Calls for action

Published:  08 September, 2016

The fall in the number of pupils achieving a GCSE (A*- C) in Design & Technology, together with a drop in the those passing their Physics GCSE, highlights the increasingly urgent need for action from Government, schools and colleges to encourage more pupils to study these crucial engineering subjects (Physics and Design & Technology).

The IET says it is concerned that there is still not enough young people studying Physics and Design & Technology at GCSE level, which is exacerbating the UK’s engineering and technology skills shortage.

These fears are compounded by pressure for schools to move towards the EBacc and could effectively mean that schools drop ‘non-core’ subjects such as Design & Technology from the syllabus.

I agree with Tim Thomas, head of employment & skills policy at EEF, the manufacturers’ organisation, who said the results were worrying news for employers. Manufacturers, already facing an uphill battle to find the next generation of skilled workers they need, and as Thomas highlights industry will be concerned at the sharp falls in basis passes, with a similar trend for those taking maths.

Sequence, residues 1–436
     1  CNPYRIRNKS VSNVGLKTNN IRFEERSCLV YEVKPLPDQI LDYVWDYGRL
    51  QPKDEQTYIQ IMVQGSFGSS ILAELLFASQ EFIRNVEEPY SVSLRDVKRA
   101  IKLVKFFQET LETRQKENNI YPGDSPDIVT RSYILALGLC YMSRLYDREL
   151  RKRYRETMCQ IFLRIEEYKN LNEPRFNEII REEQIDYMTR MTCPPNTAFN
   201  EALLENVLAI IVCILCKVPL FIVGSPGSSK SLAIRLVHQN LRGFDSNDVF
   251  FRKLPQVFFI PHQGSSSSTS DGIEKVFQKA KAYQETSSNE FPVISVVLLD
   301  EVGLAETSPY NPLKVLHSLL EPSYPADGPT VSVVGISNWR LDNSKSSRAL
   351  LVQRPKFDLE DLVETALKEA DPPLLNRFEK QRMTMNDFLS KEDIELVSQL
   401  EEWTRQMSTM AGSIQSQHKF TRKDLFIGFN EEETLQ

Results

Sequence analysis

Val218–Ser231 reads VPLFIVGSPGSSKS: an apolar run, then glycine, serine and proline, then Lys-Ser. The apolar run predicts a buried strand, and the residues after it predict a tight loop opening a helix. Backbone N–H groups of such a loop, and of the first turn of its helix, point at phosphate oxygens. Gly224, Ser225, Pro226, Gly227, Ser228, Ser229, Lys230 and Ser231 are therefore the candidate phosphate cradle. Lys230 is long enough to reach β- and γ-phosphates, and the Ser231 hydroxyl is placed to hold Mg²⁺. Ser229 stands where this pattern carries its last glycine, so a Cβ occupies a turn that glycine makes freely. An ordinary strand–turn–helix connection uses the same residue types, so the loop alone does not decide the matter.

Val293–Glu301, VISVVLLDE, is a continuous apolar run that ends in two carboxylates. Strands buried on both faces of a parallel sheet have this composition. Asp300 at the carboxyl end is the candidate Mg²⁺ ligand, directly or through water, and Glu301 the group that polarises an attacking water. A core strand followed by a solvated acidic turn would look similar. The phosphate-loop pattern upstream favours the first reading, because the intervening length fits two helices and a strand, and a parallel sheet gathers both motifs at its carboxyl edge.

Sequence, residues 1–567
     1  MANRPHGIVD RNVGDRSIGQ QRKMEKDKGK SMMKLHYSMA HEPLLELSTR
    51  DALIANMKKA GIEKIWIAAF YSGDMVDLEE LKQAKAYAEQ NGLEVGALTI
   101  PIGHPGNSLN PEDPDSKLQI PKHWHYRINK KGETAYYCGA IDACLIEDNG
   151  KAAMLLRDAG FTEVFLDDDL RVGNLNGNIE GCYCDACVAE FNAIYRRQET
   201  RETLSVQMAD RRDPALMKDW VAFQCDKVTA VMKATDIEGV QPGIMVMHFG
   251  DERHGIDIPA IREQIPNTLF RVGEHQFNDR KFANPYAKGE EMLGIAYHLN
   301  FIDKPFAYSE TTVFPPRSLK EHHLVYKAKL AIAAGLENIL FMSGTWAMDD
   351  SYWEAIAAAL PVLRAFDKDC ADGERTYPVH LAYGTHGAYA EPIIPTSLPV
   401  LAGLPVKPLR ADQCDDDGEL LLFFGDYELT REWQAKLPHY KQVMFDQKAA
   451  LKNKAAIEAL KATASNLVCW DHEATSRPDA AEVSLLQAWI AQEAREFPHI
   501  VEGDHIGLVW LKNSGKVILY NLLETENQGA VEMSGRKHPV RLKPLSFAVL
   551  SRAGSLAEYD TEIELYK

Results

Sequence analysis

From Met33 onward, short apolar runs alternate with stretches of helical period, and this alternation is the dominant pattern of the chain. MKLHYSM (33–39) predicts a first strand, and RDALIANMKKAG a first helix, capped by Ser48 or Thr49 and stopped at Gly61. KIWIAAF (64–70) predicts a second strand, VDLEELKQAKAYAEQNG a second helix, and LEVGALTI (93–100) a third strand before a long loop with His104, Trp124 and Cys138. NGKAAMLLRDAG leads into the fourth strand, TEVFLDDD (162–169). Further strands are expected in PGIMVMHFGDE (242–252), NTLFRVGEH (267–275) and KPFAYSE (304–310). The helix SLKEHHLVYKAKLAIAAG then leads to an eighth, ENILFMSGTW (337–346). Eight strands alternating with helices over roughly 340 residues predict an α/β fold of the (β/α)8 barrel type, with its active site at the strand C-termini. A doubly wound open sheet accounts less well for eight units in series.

Although some are highlighting a desire to move towards EBacc, it is first necessary to understand the potential impact this may have. For example, the IET says the EBacc has the potential to effectively drive out subjects like Design & Technology (D&T), as well as creative and artistic subjects, from schools.

This fails to understand that D&T is vital for engaging young people in the creative and problem fixing side of engineering. If they don’t have this opportunity at school, it is inevitable we will produce fewer engineers, which the Stephanie Fernandes, IET principal policy advisor of education & skills says represents a genuine risk to our economy.

The GCSE results clearly illustrates how the Government needs to recognise that the acute skills shortage, cannot be blamed simply on employers for not training the next generation of workers as this ignores the fact that too many lack basic qualifications. As EEF’s Tim Thomas quite rightly emphasises, Government, with employers, must quickly address this.

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